Preventing Immigration Enforcement During Pending Labor Disputes: NLRB & EEOC added to existing DOL and DHS MOU

Charges and/or complaints pending before the NLRB and the EEOC are now considered “on going labor disputes” that can prevent immigration authorities from engaging in workplace immigration enforcement actions—including conducting I-9 audits or workplace raids—according to a recently released amended federal agency guidance.

This new guidance is the result of President Obama’s 2014 executive actions on immigration.  Part of those efforts included the creation of an Interagency Working Group aimed at ensuring that immigrant workers can assert workplace rights without fear of retaliation and to prevent the use of immigration enforcement as a tactic to undermine workplace laws.

The new guidance comes in the form of an Addendum to the 2011 DOL and DHS Revised Memorandum of Understanding (“MOU”) Between the Departments of Homeland Security and Labor Concerning Enforcement Activities at Worksites.  It expands the original protections of the Revised 2011 MOU between DOL and DHS to now include the NLRB and the EEOC.

Labor disputes covered by the Addendum to the Revised DHS-DOL MOU include:

  • Complaints or charges pending with the DOL concerning:
    • violations of minimum wage, contract wage and overtime pay;
    • the right to receive family medical leave and employee benefits;
    • the right to have a safe workplace and receive compensation for work-related injuries;
    • the right to be free from unlawful discrimination; and
    • the right to be free from retaliation.
  • Complaints or charges pending with the NLRB, including pending unfair labor practice charges and petitions for election, concerning:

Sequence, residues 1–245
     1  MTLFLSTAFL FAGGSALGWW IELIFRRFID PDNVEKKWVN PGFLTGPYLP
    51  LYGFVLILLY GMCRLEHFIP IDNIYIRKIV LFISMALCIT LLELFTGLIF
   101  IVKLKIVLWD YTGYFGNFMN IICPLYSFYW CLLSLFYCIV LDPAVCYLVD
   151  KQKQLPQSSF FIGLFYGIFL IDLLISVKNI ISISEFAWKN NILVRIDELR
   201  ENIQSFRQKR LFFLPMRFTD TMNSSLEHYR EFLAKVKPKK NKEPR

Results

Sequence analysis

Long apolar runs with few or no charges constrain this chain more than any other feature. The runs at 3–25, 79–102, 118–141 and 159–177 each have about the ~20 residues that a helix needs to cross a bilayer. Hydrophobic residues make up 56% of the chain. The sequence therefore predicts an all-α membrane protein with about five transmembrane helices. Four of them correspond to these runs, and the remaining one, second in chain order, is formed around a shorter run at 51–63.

• the right to form, join or assist a labor organization, to participate in collective bargaining or negotiation, and to engage in protected concerted activities for mutual aid and protection; and
    • the right to be free from retaliation. 
  • Complaints or claims pending with the EEOC concerning violations of discrimination laws, including:
    • Title VII (race, color, sex, national origin, and religion);
    • Equal Pay Act (sex);
    • ADA (disability);
    • Age Discrimination in Employment Act (age 40 and older);
    • Genetic Information Nondiscrimination Act (acquisition or use of genetic information); and
    • unlawful retaliation.

Under the Addendum, ICE agrees to provide notice to the labor agencies (NLRB, EEOC, and DOL) when it has decided to engage in a worksite enforcement action.  If there is a pending labor dispute, ICE should stand down (unless doing so would otherwise compromise ICE’s investigation or would violate federal law).  ICE also agrees to consider requests from the NLRB, EEOC, and DOL that the immigration agency grant a temporary parole or deferred action to any witness needed for the agency investigation of the labor dispute and during any related proceeding where such witness is in the country unlawfully.

The addendum and the collaboration of the federal labor, employment and immigration agencies is a step forward in protecting the rights of all workers.  Workers and organizers should continue to be vigilant in identifying unlawful retaliation and ensure all workers’ rights are protected. 

By Stephanie Delgado | June 7, 2016

Legal Developments